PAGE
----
HOLDSWORTH, ARTHUR, fishing captain and merchant in Newfoundland; b. 1668, son of Arthur Holdsworth (1624–90), fishing captain, ship-owner, and merchant of Dartmouth, Devonshire; d. 1726.
Arthur, with his brother Robert, helped develop the family business with Newfoundland and Portugal. It was the custom in Newfoundland that the first fishing captain to arrive at each harbour was the fishing admiral for the season. In 1700 Robert Holdsworth in the Nicholas (with Arthur accompanying him) was admiral at St John’s. At a party given in Fort William by Capt. Michael Richards, Arthur Holdsworth resented the supercilious remarks of the garrison commander, Capt. William Lilburne, and challenged him to a duel. Lilburne retired hurt after a single touch, though he claimed to have inflicted three wounds on Holdsworth. Lilburne was accused by Richards of cowardice, and was dismissed and brought home by the commodore, Capt. Stafford Fairborne. Arthur Holdsworth thus became a centre of controversy as recriminations continued in England. That the Holdsworths were unpopular may be seen from the support of some 40 fishing captains, many of them from Plymouth, for Lilburne against Holdsworth.
Rivalry between the western fishing ports may partly account for this animosity, but it was also caused by an innovation by the Holdsworths in their way of doing business. They had developed, though they did not in fact initiate, the practice of bringing out each season a large number of passengers or by-boatmen. These men would fish on their own account for the season, but hand over a share of their catch to the Holdsworths; most of the other fishing captains restricted fishing to the regular crew. In 1701 George Larkin noted that Holdsworth made it his business “in the beginning of the year . . . to ride from one Market Town to another in the West of England on purpose to get passengers,” and promised that if one of the Holdsworths should be admiral in any harbour he would see to it that the by-boatmen got a fishing-room normally reserved for a ship’s crew. This was a discouragement to the Western Adventurers since the by-boatmen could afford to sell their fish more cheaply than the regular fishermen. In 1701, Arthur Holdsworth, again in the Nicholas, was fishing admiral at St John’s and distributed no fewer than 236 passengers among the fishing-rooms, much to the disgust of the other captains. This killing seems to have been enough for him, however; in the following seasons he was on good terms with his fellow captains and cooperated with them.
Holdsworth was a merchant as well as a fishing captain. He occupied a house in St John’s during the fishing season, and in 1702 undertook to bring out Portland stone, in ballast, for the fort. His brother, Robert, incited Major Thomas Lloyd to hire out soldiers to the fishing captains in 1704. The following year, Arthur Holdsworth was one of those who wrote from Newfoundland to thank the Bishop of London for sending out the new clergyman, Jacob Rice. In 1706 he registered a complaint that some of his fellow captains were throwing ballast into the harbour. Holdsworth seems to have worked closely with Lloyd, and was one of those who defended him against the accusations made in 1708.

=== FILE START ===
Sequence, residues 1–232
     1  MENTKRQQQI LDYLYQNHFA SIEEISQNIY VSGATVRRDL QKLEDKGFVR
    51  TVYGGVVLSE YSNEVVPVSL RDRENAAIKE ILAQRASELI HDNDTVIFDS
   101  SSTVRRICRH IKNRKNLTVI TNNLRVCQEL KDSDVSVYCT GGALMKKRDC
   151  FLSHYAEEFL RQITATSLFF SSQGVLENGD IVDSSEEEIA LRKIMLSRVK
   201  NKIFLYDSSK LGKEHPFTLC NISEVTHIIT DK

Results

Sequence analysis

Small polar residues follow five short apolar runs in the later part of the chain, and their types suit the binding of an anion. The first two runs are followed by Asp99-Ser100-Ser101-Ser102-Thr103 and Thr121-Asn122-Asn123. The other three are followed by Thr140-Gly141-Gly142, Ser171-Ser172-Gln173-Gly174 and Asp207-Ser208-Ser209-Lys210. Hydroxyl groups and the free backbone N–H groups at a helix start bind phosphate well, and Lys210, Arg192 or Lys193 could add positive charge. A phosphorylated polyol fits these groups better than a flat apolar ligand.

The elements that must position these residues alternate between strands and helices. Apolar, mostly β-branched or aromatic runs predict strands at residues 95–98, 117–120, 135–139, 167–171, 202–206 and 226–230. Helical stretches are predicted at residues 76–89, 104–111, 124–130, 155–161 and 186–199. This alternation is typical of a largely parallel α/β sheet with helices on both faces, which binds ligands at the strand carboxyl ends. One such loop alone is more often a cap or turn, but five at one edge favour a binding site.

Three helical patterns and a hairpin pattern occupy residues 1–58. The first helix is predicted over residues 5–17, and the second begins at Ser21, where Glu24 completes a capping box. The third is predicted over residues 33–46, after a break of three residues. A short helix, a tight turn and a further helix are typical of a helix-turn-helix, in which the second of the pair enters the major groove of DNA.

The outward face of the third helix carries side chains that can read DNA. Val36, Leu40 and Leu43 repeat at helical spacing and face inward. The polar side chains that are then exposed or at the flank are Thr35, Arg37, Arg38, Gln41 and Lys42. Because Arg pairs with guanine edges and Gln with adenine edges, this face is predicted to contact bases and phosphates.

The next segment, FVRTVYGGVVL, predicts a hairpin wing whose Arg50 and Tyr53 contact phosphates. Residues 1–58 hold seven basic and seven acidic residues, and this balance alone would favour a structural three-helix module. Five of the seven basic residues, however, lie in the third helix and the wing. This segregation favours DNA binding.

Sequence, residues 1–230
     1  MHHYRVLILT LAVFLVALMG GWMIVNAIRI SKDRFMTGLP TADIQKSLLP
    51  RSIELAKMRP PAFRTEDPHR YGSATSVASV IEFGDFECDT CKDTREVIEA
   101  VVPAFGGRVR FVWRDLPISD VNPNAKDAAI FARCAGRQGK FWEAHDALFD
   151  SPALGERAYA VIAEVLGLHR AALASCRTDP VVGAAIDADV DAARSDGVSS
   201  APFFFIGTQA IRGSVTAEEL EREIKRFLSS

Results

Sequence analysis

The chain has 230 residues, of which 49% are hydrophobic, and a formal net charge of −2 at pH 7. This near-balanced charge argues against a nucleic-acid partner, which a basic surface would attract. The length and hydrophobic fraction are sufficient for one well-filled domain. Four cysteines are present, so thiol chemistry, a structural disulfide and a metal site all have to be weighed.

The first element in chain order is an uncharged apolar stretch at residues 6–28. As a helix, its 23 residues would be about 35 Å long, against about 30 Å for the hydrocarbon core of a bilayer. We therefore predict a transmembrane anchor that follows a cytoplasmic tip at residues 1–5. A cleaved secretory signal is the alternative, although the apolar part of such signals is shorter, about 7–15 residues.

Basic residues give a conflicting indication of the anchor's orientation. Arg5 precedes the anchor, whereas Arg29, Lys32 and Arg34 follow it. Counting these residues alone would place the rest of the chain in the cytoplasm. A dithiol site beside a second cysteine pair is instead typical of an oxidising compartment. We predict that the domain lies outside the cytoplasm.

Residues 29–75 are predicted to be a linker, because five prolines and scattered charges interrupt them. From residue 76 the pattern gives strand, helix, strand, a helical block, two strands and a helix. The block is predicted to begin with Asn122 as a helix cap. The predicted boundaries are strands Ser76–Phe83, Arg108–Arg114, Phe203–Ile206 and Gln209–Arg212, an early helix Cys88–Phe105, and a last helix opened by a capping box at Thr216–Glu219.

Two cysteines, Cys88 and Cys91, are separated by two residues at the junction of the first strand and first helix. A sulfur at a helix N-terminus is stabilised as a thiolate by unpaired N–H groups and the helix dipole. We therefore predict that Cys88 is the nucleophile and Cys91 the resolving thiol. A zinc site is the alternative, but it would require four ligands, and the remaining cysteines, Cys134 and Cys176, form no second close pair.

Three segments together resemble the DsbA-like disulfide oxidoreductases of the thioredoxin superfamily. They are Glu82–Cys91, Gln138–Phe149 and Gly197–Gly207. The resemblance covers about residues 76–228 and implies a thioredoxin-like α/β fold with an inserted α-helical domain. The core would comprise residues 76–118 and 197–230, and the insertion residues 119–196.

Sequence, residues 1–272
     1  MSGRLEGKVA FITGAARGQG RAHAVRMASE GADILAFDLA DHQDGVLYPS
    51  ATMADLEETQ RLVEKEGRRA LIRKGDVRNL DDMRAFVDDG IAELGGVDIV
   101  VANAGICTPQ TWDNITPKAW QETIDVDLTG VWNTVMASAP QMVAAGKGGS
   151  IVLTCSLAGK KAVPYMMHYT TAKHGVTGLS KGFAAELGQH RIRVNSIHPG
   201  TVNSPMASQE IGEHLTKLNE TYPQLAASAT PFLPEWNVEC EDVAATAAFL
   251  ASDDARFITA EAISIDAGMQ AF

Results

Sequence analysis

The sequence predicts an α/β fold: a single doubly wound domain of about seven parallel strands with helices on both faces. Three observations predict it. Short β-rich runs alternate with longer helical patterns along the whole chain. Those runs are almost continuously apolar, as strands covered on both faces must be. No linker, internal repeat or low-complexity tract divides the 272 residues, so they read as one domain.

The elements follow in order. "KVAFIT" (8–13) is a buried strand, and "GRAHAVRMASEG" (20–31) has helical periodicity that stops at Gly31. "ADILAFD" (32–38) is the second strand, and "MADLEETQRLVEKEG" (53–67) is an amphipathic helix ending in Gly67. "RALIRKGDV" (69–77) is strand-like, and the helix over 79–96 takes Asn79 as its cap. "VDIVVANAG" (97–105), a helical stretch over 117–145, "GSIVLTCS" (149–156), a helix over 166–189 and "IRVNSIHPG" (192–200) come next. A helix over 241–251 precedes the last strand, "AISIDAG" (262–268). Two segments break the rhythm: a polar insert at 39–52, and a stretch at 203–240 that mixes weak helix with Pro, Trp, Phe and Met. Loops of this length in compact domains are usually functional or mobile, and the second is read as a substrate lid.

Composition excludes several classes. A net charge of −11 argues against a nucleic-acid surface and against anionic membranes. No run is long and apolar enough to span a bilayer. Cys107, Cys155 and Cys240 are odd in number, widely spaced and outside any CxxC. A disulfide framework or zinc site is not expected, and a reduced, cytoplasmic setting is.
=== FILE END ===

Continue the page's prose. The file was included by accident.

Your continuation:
Vice-admiral in 1708, Holdsworth was admiral again in 1709 when he arrived to find St John’s destroyed by the French. He advocated the rapid restoration of Fort William, supplying some materials for emergency repairs, and urged that a strong garrison be maintained. Similar recommendations were made by the commodore, Capt. Joseph Taylour. Holdsworth had a good head for business; for many years from 1702 onwards, he worked in close association with Henry Hayman, the influential Plymouth fishing captain. In 1711 Holdsworth’s possession of the house in St John’s was confirmed. After 1711, however, Holdsworth seems slowly to have relinquished his personal contacts with Newfoundland, though it is likely that he visited Placentia (Plaisance) on at least one occasion. His ships continued to take part in the Newfoundland fishery, his son, a third Arthur, taking his place as captain.
Arthur Holdsworth married Elizabeth, daughter of Henry Lane of Dartmouth. Her first husband, Capt. Roger Vavasor, had been killed at sea in 1696, and Holdsworth brought up her son, Henry, in his own household. Elizabeth and Arthur Holdsworth had four surviving children, a son and three daughters. Apart from his house in Newfoundland, Holdsworth owned extensive property in and around Dartmouth. His Dartmouth home was Mount Gilpin, and he also built a country house at Widdicombe, near Torcross. He died on 9 Nov. 1726 and was buried in St Petrok’s church, Dartmouth.
Holdsworth’s was one of a number of west-country seafaring and merchant families which had large stakes in the Newfoundland fishery over three or more generations. Arthur Holdsworth was a good example of the type; at first he attempted to enlarge his profits by unorthodox methods, but he was pulled back by his fellow captains and thereafter devoted himself to developing their strong collective interests.
Dartmouth Municipal Records (in Exeter Public Library), leases of a house in Modbury, Devon, 1719 (Z7/Box 12), and of Perrings Pallace and Town Pallace, Dartmouth, 1725 (DD63900–63902, 63908). Somerset House, Principal Probate Registry, Holdsworth’s will (dated 1 Nov. 1726, proved 5 June 1727). PRO, CSP, Col., 1701, 1704–5, 1706–8, 1708–9, 1711–12, 1724–25; B.T. Journal, 1708/9–1714/15. M. A. Field, “The development of government in Newfoundland, 1638–1713,” unpublished M.A. thesis, University of London, 1924, 218–22. Innis, Cod fisheries, 109. Prowse, History of Nfld. Percy Russell, Dartmouth, a history of the port and town (London and New York, 1950), 122–24, 141–42. Devon and Cornwall Notes and Queries (Exeter), XIV (1927), 261. Devonshire Assoc., Exeter, Trans., XXXII (1900), 513–14; XLV (1913), 239–41.